procedures, and practices developed by the members of distinct cultures: etic, emic,
and dialogic approaches.
Ethnomodelling as the Translation of Diverse Cultural Mathematical Practices 11
Etic: The Global/Outsider Approach
This approach is related to the outsiders’ view on beliefs, customs, and scientific
and mathematical knowledge of the members of distinct cultural groups. In this
context, global analyses have a cross-cultural design because outsider observers
develop global worldviews that seek objectivity across cultures. Thus, Helfrich
(1999) examines the question of a cross-cultural perception in which observations
are often taken according to externally derived criteria and frequently without the
intentionality of learning the perspectives of others.
Globalization has reinforced the utilitarian mechanization, indeed automatization
of mathematics approach to school mathematics curricula. As well, it has helped to
globalize pervasive western academic mathematical ideologies. Particularly, school
mathematics is criticized as a cultural homogenizing force, a critical filter for
status, a perpetuator of mistaken illusions of certainty, and an instrument of power
In this approach, comparativist researchers and educators attempt to describe
differences among cultures. These individuals are considered as culturally universal
(Sue and Sue 2003). In this context, Pike (1967) refers etic categories as culture-free
features of the real world.
Emic: The Local/Insider Approach
This approach is related to the insiders’ view on their own culture, customs, beliefs,
and scientific and mathematical knowledge. Local knowledge is important because
it has been tested and validated within the local context. It creates a framework from
which members of distinct cultural groups can understand and interpret the world
around them. Local worldviews clarify intrinsic cultural distinctions that examine
local principles of classification and conceptualization from within each cultural
Currently, there is a recognition about the importance of local contributions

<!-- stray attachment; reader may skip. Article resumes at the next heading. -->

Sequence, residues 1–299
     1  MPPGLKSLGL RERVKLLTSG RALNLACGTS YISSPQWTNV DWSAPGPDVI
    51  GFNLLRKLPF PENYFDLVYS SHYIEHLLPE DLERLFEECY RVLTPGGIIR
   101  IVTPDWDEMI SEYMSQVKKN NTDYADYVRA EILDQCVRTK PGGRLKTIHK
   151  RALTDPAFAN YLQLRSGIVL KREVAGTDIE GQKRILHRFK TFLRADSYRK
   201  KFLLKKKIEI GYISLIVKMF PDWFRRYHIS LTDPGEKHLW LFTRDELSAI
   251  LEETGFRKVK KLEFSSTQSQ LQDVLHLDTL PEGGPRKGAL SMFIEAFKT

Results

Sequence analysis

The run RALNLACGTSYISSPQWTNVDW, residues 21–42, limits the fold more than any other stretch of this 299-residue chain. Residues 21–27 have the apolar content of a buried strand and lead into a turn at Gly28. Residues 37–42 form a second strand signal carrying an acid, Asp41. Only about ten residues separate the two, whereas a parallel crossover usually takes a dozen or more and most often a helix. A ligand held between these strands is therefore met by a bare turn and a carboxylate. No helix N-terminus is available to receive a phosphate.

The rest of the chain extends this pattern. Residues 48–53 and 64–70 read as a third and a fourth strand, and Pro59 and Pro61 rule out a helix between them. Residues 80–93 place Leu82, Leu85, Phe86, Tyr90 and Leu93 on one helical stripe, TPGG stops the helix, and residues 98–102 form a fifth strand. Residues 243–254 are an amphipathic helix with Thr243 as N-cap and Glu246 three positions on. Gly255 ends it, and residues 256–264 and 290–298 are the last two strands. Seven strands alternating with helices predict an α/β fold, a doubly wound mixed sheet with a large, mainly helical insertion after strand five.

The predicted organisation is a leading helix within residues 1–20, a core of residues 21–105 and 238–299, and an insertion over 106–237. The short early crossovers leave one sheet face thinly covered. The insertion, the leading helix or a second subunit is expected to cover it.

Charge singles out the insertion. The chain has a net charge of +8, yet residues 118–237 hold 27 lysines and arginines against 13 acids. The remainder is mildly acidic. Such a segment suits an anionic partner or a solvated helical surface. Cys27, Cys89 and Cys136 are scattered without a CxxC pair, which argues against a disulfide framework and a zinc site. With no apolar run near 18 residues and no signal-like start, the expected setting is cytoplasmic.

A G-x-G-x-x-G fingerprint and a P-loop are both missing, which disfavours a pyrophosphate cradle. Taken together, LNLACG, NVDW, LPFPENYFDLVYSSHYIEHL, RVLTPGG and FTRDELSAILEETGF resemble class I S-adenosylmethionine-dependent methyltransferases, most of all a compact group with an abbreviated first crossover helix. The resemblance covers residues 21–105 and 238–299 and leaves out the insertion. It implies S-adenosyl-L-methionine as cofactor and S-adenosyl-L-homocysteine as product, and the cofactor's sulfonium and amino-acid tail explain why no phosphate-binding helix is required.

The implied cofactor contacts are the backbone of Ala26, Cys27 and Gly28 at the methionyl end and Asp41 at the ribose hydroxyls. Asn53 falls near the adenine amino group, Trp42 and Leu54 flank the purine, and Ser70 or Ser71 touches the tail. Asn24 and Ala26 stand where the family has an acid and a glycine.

to the development of scientific and mathematical knowledge. For example, local
mathematical knowledge and interpretations are essential to emic analyses in the
mathematics curriculum that cultivates values and fosters the conscientization of
the students. An emic analysis is culturally specific regarding to the insiders’
beliefs, thoughts, behaviors, knowledges, and attitudes. It is from their viewpoint
that mathematical knowledge is conveyed for the understanding of their cultural
In this approach, these members describe their culture in its own terms. These
individuals are considered as culturally specific (Sue and Sue 2003). In this
context, Helfrich (1999) stated that what is emphasized in this approach is the self-
determination and self-reflection of these members about the development of their
mathematical ideas, procedures, and practices.
12 M. Rosa and D. C. Orey
Dialogic: The Glocal/Emic-Etic Approach
This approach represents a continuous interaction between etic (globalization)
and emic (localization) approaches, which offers a perspective that they are both
elements of the same phenomenon (Kloos 2000). It involves blending, mixing, and
adapting two processes in which one component must address the local culture
and/or a system of values and practices (Khondker 2004).
In a glocalized society, (According to Rosa and Orey (2017), glocalization is
the acceleration and intensification of interaction and integration among members
of distinct cultural groups. Glocalization has emerged as the new standard in rein-
forcing positive aspects of worldwide interaction in textual translations, localized